The near paralysis in international educational exchanges caused by the coronavirus will come to an end next fall. The situation will not yet be as before the pandemic, but the figures for academic exchanges will be clearly higher than the previous year.
International mobility of students at higher education institutions is expected to increase significantly in autumn semester 2021 compared with the year before.
This is one of the findings of a survey addressed by the Finnish National Agency for Education (OPH) to higher education institutions in early June, to which all 37 institutions responded.
According to the survey, almost 2,300 students of Finnish higher education institutions are going on international exchanges or traineeships in the autumn, whereas in autumn semester 2020, only slightly over 700 exchanges ultimately went ahead.
Nevertheless, the number of outgoing students is still only about one half of the normal level.
The number of exchange students arriving in Finland is considerably higher than the number of outgoing students: 4,850 students are expected to arrive in Finland, whereas in autumn semester 2020, the number of foreign exchange students at Finnish higher education institutions was 2,150.
The reported figures are estimates that may still change due to the COVID-19 situation.
Mobility cancelled due to Covid-19
In autumn 2020, roughly one out of three higher education institutions cancelled all student mobility due to the Covid-19 pandemic. "In the forthcoming autumn semester, however, their policies will take a much more positive stance on mobility," says OPH in a statement.
Regarding outgoing student mobility, only one higher education institution that responded to the survey said that no exchanges would be arranged in the autumn, while another institution reported that it would only send out students completing a double degree.
Other higher education institutions intend to send students out on exchanges or traineeship periods if this is allowed by the restrictions put in place by the authorities in Finland and the destination countries and if the host institutions are willing to receive the students.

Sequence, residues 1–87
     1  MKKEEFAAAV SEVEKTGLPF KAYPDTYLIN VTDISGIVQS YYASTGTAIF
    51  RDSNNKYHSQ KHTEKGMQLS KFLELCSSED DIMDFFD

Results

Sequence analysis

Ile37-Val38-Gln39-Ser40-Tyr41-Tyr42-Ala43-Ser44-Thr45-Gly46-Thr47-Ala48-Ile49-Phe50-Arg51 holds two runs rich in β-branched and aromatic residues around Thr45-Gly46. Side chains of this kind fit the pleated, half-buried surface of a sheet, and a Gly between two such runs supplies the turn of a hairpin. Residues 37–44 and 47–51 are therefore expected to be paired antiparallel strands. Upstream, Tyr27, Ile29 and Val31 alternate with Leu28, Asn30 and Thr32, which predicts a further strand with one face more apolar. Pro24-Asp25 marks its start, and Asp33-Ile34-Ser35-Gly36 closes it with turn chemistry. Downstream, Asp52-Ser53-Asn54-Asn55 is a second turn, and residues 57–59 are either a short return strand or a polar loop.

Several higher education institutions specified in their responses that only long exchange periods of several months will go ahead in the autumn semester.
While incoming exchange students will outnumber outgoing ones by a considerably margin in the autumn, 11 higher education institutions have imposed restrictions on incoming students.
For example, these institutions intend to limit the number of students they receive, or only receive double degree or postgraduate students, or students from the EU countries.
Some higher education institutions will insist that the students expressly undertake to comply with the rules and Covid-19 restrictions of the institution and Finland.
Two higher education institutions do not intend to accept any incoming exchange students, says the Finnish National Agency for Education, without specifying which ones.
The coronavirus pandemic has also taken a toll on international degree students at Finnish higher education institutions. Some new students admitted in 2020 were unable to arrive in Finland because of the pandemic; consequently, some of them postponed the start of their studies, while others stayed in their home countries and opted for distance learning.
Higher education institutions estimate that some of those who postponed their studies a year ago will arrive in Finland this autumn. On the other hand, some students admitted in the application process of 2021 may decide to postpone their studies by one year if they cannot enter the country due to restrictions on entry or problems in permit processes. Some may also stay in their home countries and go for distance learning, as this option is facilitated by many higher education institutions.